Certified Guacophobe

                                  Comment


                                  • #18
                                    Originally posted by grandprixer View Post

                                    Maybe I missed some context on why I can't ride safely with no reins. 1. I don't have an arena, I ride in a pasture. I need to steer/avoid other horses. 2. He's reactive. He doesn't run away immediately without contact but regularly spooks and I need some method of preventing a fit/bolt. No amount of training will fix that. 3. Due to the arena situation, footing is uncertain and I occasionally need to help him with his balance. He's not badly behaved on no contact, it's not a training hole. Not all of us have indoor arenas and fancy setups.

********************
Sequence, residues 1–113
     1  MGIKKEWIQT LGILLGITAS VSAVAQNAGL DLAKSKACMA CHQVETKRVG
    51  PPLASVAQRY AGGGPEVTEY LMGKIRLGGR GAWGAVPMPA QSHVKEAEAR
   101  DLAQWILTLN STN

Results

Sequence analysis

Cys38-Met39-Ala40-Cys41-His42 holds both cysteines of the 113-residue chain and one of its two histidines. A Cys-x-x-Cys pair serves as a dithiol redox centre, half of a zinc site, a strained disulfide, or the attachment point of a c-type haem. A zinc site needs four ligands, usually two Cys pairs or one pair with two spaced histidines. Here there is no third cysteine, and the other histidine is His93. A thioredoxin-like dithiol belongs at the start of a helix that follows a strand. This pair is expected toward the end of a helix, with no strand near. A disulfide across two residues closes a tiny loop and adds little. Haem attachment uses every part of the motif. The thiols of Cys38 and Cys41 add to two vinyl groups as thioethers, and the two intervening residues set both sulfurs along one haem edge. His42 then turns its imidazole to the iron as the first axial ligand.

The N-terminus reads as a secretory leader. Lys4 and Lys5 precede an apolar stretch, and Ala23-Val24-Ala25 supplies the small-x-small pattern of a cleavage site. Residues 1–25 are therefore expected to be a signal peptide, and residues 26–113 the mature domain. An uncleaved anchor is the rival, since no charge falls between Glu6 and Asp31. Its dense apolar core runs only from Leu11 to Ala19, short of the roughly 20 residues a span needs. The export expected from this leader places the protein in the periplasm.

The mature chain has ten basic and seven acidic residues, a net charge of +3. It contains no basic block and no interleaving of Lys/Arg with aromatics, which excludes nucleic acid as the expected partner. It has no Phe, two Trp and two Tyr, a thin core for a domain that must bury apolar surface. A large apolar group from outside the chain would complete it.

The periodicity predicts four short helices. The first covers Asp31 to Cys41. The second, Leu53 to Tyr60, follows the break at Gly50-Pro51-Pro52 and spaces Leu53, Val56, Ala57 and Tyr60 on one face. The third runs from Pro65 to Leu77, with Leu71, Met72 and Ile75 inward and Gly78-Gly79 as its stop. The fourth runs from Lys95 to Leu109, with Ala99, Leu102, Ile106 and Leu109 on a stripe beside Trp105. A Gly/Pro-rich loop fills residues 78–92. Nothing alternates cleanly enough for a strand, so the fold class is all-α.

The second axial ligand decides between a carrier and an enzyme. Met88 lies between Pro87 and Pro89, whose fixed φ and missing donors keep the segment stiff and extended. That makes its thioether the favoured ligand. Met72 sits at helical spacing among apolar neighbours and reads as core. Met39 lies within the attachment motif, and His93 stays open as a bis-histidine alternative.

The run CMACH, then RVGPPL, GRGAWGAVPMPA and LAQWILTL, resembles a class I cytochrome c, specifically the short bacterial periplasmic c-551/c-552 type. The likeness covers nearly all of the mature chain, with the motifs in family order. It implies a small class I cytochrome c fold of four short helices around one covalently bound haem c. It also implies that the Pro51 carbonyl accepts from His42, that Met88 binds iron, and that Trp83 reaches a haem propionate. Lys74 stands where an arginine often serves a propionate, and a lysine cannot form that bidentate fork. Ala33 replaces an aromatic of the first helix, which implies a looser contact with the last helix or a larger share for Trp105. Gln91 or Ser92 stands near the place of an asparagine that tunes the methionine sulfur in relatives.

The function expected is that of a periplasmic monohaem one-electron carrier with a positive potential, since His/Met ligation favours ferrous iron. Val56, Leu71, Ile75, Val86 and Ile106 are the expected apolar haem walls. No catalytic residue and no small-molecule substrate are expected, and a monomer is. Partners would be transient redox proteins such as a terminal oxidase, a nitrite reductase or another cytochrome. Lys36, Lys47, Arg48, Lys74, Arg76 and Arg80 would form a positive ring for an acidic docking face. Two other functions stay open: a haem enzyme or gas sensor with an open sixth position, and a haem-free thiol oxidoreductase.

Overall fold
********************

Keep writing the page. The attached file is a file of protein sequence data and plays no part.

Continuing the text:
I don't think Scribbler was saying you should be riding with no reins. Almost nobody should be riding with no reins.

                                    First, to address your question about the nose.. Being behind the bit or behind the vertical, is an evasion technique and is considered by dressage judges as a "lack of acceptance of the bit". Meaning a judge will mark you for this if they see it.

                                    It's the horse's way of "framing up" their neck so they can get you to quit nagging them with that pesky bit.

                                    Once a horse has learned to curl, it's very hard to get them above the bit again. It requires going back a few steps in your training, because if a horse is not accepting the bit, that is a fundamental tenet the horse is not understanding and you will not be able to be competitive if you keep going without addressing that miscommunication.

                                    Scribbler is right, there is a hole -- or maybe it is not a hole, since it sounds like the horse is green.. It just hasn't been trained into the horse yet.